The steps still to be taken in reducing medical errors
Healthcare experts call for more funding for high-tech upgrades, better training, and changes in institutional culture.
Just a C-plus. That's the grade the nation's medical system gets five years after a groundbreaking study found that as many as 98,000 deaths a year are caused by medical errors.
When the Institute of Medicine (IOM) study was released, its authors challenged the medical community to reduce medical errors by 50 percent by this year. That has not happened. Despite some improvements in awareness and regulation, preventable mishaps - like operating on the wrong leg or mistakenly giving lethal combinations of drugs - continue to be a leading cause of death in the United States.
The reason, according to a report this week in the journal Health Affairs (which gave the C-plus), is a lack of funding for high-tech upgrades and improved training. The report also cited cultural and institutional barriers that make the overall medical community resistant to change.
"It's tragic how little progress has been made, and there's no excuse for it, given the amount of waste and harm that's done by something that is clearly addressable," says Dr. Henry Simmons, president of the National Coalition on Health Care.
The American Medical Association blames fear of litigation, which it says discourages doctors and nurses from reporting errors and "near misses" that could be used to teach others. Some experts point the finger at medical educators for failing to incorporate preventive strategies in their training. Then there's the technology component. Electronic patient charts and prescription-drug databases can reduce mistakes as much as 80 percent.
But such systems are expensive, and there is little incentive for hospitals and doctor's offices to invest in them.
Many in the medical community are urging Congress to pass a bill that would set up a system for doctors and other medical personnel to report problems anonymously. It would be similar to the Air Safety Reporting System, which is credited with dramatically increasing safety in commercial aviation. It allows pilots to report potential safety problems without fear of retribution from either their airlines or the Federal Aviation Administration.
The bill already passed both the House and the Senate this year, but never made it out of conference committee. So leaders of the American Medical Association are making passage a top priority next year. "We know that confidential, voluntary reporting is the key to enhancing safety," says Donald Palmisano, former president of the American Medical Association.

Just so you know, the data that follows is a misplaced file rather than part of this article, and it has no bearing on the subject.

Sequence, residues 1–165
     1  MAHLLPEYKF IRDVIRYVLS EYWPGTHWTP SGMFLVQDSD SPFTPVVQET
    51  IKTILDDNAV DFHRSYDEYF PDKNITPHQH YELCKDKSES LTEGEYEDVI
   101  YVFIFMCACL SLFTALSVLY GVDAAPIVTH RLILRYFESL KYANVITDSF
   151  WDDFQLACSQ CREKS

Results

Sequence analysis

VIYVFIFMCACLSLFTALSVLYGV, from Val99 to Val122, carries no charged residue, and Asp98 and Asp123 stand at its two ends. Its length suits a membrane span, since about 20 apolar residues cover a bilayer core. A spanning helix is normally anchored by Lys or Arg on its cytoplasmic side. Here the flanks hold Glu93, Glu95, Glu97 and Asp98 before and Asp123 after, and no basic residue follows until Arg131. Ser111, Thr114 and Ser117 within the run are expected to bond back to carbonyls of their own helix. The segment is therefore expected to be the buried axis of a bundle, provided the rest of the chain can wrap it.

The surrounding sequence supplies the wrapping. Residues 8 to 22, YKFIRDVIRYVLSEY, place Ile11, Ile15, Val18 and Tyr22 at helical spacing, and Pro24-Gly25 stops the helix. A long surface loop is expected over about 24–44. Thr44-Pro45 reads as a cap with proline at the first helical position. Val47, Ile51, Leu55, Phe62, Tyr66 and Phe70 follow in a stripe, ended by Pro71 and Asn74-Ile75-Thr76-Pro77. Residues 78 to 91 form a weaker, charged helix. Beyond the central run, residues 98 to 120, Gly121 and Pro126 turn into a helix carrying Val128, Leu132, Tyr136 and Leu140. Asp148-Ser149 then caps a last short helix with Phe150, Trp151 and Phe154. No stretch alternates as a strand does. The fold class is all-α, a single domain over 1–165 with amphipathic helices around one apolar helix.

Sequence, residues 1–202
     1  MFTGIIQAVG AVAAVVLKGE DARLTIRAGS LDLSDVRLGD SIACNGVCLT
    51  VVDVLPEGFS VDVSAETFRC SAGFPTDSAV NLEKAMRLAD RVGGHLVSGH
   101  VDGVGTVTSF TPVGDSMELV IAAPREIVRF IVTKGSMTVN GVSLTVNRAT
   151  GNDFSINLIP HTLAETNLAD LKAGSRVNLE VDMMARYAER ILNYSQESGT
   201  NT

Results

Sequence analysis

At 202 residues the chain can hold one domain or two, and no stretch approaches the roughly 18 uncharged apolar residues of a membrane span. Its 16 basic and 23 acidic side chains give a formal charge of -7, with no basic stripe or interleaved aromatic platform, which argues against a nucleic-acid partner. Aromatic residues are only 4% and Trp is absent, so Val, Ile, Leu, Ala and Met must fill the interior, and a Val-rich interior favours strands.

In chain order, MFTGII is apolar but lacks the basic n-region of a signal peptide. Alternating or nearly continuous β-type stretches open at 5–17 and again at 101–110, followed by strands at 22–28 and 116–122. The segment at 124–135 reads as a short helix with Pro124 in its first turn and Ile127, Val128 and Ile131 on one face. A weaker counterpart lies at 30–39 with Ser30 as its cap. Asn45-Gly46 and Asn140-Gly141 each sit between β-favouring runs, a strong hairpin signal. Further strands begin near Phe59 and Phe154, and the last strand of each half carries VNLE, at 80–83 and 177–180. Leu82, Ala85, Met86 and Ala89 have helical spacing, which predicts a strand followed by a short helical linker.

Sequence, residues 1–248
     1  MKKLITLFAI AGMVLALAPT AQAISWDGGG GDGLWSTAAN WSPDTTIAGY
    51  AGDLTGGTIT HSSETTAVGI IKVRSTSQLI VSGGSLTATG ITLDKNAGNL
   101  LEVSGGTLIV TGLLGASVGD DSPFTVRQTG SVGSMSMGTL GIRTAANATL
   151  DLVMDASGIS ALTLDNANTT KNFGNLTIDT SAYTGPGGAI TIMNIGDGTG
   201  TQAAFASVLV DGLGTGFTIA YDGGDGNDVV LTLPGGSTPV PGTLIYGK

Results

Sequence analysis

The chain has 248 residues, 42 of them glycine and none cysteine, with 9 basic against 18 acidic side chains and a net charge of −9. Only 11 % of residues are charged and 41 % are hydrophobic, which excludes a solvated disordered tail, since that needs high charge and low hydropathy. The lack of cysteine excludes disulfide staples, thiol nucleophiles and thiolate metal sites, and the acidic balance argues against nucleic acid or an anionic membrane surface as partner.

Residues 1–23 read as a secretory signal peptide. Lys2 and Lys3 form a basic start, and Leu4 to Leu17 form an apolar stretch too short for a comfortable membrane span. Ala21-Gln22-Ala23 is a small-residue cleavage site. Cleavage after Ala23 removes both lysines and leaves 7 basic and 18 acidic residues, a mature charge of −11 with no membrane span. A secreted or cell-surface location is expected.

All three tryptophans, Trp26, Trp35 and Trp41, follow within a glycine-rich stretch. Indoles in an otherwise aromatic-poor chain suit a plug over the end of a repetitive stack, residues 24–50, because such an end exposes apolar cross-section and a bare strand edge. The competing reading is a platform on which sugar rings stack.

Dr. Palmisano believes that passage will help ameliorate physicians' fears of being sued. A Harris poll done in 2003 found that this is the main factor discouraging doctors and other medical professionals from honestly and openly discussing problems.
The authors of the IOM report agree that medical liability is, in the words of one, "the 800-pound gorilla" in the discussion about preventing errors. But they say that liability is only one component in a larger cultural transformation that needs to take place in the medical community. The changes include simple things, like nurses reading patient names back to doctors and marking with indelible ink the site where surgery is to take place - both new requirements instituted this year by the organization that accredits hospitals.
Another proposed change is altering pay incentives. Currently, doctors receive the same reimbursement for a procedure no matter how well it's done. "Right now the payment systems don't provide strong incentives or rewards for people who do the right thing and make the right kinds of investments in patient safety," says Janet Corrigan, study director of the IOM report.
An additional key to reform is technology. Another author of the study, Lucian Leape of the Harvard School of Public Health, estimates that 80 percent of medical errors result from failures of communication. He contends that information technology (IT) is vital in changing that. Last May, President Bush named a new "czar" to head up the development of healthcare IT and set a goal of having electronic patient records be the standard in 10 years. Earlier this month, the Department of Health and Human Services awarded a new series of grants and contracts totaling $139 million dollars to develop and implement information technologies in the nation's hospitals.
Like other authors of the study, Dr. Leape is pleased that some progress has been made, but he continues to sound caution. "You have to realize what an immense challenge this is. We're trying to change a very entrenched culture in which hundreds if not thousands of behaviors have to change, and that sort of thing never goes quickly," he says. "But what we have seen in the last five years is a very definite change in the conversation."